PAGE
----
Mann seems to credit her mother’s side of the family for not only her work ethic, but also her romanticism of the land, her love of place, and the land which she inhabits. If it’s her family and her own life on the land which built a foundation for her landscape images, perhaps it’s photographer Michael Miley and her artist friend Cy Twombly who helped shape and inspire her landscapes. She photographed Cy Twombly’s art studio in her early years and noticed by doing so her work “changed from documentary to evocative.” Mann’s landscapes aren’t the usual fare you might be used to seeing on the internet—they can be dark, moody, and claustrophobic, while also being timeless or by hearkening back to a bygone era.
Maybe her landscape images changed because of her father’s influence. His life-long fascination with death and his own stoic demise appears to influence her last chapter of creative energy. After a death on her land, she wondered how the land had changed for her with that incident and set about capturing it with images. She writes that “It’s not that we southerners are exactly in love with death, but there is no question that, given our history, we’re on a first-name basis with it.” For me, her photography at this time goes to another level. Before my workshop in Florida this year at the Morikami Museum and Japanese Garden, a professor sent me an email question about “how to capture kami (spirits) of the garden?” I could now point him to the ending chapters of this book as a guideline.
From the death on her own land, she travels to Civil War battlefields such as Antietam to represent the landscape and death that took place there over 150 years earlier. These chapters are well-covered in the documentary What Remains: The Life and Work of Sally Mann. The film also mentions the irony of her collodion process in the creation of these prints, and that collodion was also used to hold wounds together for the injured on the Civil War battlefield.
Her work changes from the metaphorical to the literal, as she photographs at the University of Tennessee’s Anthropology Research Facility known as the Body Farm. The program records decomposition and decay of the human corpse. Her work here for the New York Times Magazine added to her closing chapters and furthered her creative exploration of death.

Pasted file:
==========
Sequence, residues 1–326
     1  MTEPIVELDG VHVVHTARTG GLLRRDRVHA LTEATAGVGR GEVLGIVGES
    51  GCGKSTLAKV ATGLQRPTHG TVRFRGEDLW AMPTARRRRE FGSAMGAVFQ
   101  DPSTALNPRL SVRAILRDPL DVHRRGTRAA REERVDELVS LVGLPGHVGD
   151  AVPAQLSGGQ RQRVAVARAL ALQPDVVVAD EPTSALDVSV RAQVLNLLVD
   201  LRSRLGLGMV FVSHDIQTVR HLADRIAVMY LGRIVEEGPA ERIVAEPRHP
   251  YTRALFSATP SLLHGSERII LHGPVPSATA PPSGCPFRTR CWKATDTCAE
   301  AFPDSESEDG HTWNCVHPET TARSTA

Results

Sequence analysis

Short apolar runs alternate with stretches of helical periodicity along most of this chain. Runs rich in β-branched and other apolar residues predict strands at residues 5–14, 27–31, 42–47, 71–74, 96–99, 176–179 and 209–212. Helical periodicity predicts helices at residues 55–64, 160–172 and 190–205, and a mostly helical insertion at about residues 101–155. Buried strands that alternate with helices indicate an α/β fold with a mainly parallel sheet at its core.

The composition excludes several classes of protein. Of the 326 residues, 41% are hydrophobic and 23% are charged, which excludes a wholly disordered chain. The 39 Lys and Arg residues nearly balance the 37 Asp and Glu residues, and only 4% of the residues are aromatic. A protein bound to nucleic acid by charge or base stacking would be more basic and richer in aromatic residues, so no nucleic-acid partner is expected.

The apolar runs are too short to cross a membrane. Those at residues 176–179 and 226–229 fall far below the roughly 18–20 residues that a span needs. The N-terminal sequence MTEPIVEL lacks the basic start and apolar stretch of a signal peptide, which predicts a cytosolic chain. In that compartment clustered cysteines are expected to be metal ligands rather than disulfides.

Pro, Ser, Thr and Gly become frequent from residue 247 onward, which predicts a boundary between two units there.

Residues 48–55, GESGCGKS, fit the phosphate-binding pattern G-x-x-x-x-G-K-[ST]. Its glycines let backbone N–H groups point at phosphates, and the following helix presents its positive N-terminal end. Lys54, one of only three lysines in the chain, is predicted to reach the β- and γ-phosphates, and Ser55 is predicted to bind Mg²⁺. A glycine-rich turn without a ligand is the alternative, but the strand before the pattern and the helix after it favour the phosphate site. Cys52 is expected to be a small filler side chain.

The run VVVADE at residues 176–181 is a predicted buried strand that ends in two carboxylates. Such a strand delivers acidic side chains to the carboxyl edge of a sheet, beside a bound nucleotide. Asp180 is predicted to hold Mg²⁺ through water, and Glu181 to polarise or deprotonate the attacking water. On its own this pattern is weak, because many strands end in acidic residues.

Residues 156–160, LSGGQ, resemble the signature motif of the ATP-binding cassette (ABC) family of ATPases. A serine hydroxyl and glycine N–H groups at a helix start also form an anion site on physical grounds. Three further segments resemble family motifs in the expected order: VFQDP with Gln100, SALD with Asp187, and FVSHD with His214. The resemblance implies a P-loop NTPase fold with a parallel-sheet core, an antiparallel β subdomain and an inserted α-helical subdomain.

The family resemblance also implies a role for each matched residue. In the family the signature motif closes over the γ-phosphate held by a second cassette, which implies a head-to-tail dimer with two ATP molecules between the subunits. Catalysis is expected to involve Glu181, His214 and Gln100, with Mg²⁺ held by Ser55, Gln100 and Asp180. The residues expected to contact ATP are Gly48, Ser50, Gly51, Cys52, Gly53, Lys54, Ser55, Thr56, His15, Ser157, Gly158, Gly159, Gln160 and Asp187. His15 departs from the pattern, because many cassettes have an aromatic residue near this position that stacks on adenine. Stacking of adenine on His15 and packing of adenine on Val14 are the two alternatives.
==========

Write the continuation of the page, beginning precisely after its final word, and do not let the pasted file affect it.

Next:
Overall, Sally Mann’s Hold Still is an outstanding book on many levels. Intellectually interesting, whimsical, and humorous; and at times it carries the shock value of a who-done-it novel. Ultimately for me this memoir is about creativity, and it’s a look into the soul of an artist. By taking a page from Sally Mann, I wondered how those around me and the land I hold dear influences me and contribute to my artistic process–and that’s the kind of thinking that can help artistic creativity and growth.
“Most men pursue pleasure with such breathless haste that they hurry past it.” –Soren Kierkegaard
Guy Tal is not most men; his photography is deliberate and so is his writing. In his new book More Than a Rock: Essays on Art, Creativity, Photography, Nature, and Life (2015 Rocky Nook Inc.), Tal conveys his thoughts of being an artist through a series of essays. If you’re familiar with his blog you’ll find Tal’s signature style of writing here; if you’re not familiar then get ready for your creative mind to expand. Tal is a deep thinker, intellectual, artist, and critic with the logic of a lawyer. Citing influences such as Alfred Stieglitz and Minor White, (perhaps he is photography’s new Minor White or art’s new John Ruskin) with some of his “artist as critic” themes. More Than a Rock isn’t a “how-to” book on photography with a list of tips and tricks – far from it. This is a book on photography learned through reading, thinking, creating, or osmosis.